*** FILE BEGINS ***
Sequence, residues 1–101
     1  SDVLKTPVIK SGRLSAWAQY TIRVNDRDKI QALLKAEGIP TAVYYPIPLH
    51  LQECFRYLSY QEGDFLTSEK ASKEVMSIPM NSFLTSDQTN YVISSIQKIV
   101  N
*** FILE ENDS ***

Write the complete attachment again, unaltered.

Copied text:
Sequence, residues 1–101
     1  SDVLKTPVIK SGRLSAWAQY TIRVNDRDKI QALLKAEGIP TAVYYPIPLH
    51  LQECFRYLSY QEGDFLTSEK ASKEVMSIPM NSFLTSDQTN YVISSIQKIV
   101  N